return to 2003

The Weakest Link

by Miles Mathis

Here's an angle that hasn't been covered in the press: democracy in action on new TV shows.  What really got me thinking about this is the new gameshow The Weakest Link.  Here you have a show being sold as a harsh Darwinian challenge—implying the survival of the fittest—and yet what is deciding each round is votes.  Not skill, but politics.  Does anyone think that a species ever went extinct because it was voted off the earth?  Ooh! Cockroaches, they're outta here.  Or,  Mr. Uppity Cro-Magnon, with his high brow and large cranial capacity—he'll get all the management positions if we don't vote him off. 

      Now I know the title of the show implies the "chain," not natural selection, but even the links of a chain may be supposed to work together.  In this gameshow, though, there is no chain.  Only links.  One of the first things you notice when you watch the show is that the best players tend to be voted off first.  They are seen as the greatest risks to the other players.  The goal is not to be the best player, the goal is to win the game, and the players have figured this out very quickly.  Ms. Robinson should say, "You are the strongest link.  Goodbye."  I don't think this makes for much of a show, frankly.   I am not interested in another popularity contest posing as a quiz show.  It's not even a popularity contest.  It's tyranny of the majority.  It's a crass expression of Nietzschean ressentiment—the revenge of the mediocre. 

      Survivor is the same premise, and the same problem.  The show poses as a contest of wits and ability, when it is simply a challenge to survive the stings of the majority.  The final show was tonight, and Alicia said it best when voting for Tina:  Tina should win because she got there not by winning eight or nine immunity challenges but by her wits.  And I thought, what exactly does this mean?  Wits.  Colby had just won the final immunity challenge that tested knowledge of the other players.  So he had greater physical skills and greater mental skills.  Still, Tina had "wits."  Meaning, I can only suppose, that she figured out how to win even though she was not the best player.   She had the better bottle of social tonic.  How to talk about giving to charities, how she was no better than anyone else.  How she was lucky.  How much her family meant to her.  If she had had an American flag, she would have wrapped herself in it.  She was a better politician.  And voters like Elisabeth bought it.  She voted her "heart."  Poor Elisabeth, who hasn't the "wits" to see through such transparent "strategy."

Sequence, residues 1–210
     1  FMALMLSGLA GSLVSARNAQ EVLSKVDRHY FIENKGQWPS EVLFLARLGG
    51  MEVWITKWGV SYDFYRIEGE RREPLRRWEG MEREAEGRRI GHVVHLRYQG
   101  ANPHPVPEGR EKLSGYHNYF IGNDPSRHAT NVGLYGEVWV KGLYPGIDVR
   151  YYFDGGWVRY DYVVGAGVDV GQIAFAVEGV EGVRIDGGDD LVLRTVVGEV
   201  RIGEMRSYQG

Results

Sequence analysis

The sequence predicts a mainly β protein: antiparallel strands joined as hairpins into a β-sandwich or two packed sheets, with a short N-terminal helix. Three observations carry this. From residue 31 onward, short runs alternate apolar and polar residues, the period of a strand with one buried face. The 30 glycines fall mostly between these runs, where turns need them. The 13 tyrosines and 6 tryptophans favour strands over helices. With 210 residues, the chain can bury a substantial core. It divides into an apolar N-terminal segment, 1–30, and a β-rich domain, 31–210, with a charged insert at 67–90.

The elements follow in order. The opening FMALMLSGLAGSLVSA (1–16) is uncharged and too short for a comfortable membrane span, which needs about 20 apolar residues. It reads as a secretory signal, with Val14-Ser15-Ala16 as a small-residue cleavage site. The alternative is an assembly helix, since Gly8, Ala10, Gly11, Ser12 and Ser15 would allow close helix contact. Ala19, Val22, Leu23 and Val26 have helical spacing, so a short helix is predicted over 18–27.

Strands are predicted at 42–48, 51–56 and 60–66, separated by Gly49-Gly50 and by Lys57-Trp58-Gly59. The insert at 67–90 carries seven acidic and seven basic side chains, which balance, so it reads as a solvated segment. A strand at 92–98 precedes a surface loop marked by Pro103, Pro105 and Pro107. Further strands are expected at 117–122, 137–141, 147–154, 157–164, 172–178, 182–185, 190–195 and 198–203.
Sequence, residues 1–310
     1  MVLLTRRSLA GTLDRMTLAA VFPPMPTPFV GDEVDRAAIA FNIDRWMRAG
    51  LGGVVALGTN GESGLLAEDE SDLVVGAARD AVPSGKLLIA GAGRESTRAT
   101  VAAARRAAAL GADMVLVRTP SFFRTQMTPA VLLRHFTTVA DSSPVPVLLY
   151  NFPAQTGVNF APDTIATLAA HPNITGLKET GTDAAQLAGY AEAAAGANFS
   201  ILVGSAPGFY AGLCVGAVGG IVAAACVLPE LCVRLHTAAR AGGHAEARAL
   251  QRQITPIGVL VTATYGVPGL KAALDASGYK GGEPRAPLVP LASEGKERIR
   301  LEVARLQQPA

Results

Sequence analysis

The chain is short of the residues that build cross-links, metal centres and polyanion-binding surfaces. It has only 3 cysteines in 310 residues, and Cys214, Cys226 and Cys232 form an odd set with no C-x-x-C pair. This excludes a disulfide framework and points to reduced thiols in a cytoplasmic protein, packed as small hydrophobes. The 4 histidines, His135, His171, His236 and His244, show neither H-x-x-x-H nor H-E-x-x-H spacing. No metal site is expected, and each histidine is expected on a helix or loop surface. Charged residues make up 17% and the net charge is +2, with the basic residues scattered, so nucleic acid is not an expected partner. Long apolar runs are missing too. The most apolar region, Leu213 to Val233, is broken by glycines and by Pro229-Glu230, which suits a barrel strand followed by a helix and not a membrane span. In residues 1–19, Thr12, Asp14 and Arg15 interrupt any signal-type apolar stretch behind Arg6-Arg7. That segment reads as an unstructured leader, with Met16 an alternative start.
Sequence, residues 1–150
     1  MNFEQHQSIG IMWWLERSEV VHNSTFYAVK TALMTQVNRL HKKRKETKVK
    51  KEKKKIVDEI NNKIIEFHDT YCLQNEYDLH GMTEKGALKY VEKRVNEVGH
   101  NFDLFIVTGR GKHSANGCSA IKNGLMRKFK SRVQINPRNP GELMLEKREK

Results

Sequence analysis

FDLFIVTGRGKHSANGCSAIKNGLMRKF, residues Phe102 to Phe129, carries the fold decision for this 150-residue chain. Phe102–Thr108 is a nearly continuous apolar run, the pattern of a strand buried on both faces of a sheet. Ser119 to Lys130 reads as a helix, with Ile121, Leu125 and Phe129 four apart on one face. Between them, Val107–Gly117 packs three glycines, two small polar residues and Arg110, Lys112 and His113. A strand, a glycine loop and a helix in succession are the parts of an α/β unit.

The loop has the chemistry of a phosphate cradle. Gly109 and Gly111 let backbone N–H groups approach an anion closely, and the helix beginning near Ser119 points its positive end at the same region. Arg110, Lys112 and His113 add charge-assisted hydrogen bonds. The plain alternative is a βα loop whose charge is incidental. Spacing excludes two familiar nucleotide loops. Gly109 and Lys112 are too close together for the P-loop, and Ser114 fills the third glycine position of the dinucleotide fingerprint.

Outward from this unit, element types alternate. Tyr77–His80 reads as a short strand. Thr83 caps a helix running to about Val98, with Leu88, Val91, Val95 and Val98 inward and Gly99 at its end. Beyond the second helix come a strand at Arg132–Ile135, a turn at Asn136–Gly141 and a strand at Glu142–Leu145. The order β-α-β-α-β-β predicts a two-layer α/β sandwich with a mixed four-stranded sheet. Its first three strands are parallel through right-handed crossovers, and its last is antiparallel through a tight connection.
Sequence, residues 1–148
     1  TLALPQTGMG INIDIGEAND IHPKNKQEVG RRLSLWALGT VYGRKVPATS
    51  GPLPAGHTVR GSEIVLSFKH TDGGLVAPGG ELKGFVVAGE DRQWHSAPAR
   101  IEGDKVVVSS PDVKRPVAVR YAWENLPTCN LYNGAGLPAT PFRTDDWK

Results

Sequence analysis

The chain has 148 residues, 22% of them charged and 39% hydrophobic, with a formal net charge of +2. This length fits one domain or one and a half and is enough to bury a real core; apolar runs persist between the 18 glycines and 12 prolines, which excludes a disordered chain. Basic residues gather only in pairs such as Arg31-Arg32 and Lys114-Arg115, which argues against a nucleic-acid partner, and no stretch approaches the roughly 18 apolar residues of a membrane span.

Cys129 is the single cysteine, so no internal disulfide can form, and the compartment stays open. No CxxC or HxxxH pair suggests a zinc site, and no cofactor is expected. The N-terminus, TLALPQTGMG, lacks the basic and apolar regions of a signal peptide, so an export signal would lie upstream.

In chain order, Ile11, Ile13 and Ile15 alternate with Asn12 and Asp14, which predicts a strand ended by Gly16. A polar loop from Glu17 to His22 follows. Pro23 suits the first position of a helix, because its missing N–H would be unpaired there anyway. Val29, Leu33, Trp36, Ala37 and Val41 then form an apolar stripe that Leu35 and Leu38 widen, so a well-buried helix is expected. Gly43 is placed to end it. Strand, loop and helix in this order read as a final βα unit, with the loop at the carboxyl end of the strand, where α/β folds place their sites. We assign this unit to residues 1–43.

The most disingenuous thing was Colby's sudden recognition of this in the last tribal council.  He tried to switch gears and play the humble card.  He didn't deserve anything, all the sudden.  Tina was better than him.  He had nothing to say about himself.  He was quiet and ingratiating, even telling one of the voters that they should have been there, not him.  It didn't work.  It was too late.  He had won too many games—there was no getting past that.  He had bigger muscles than Alicia and he broke Elisabeth's plates with his little slingshot.  Unforgiveable.  Unforgiven.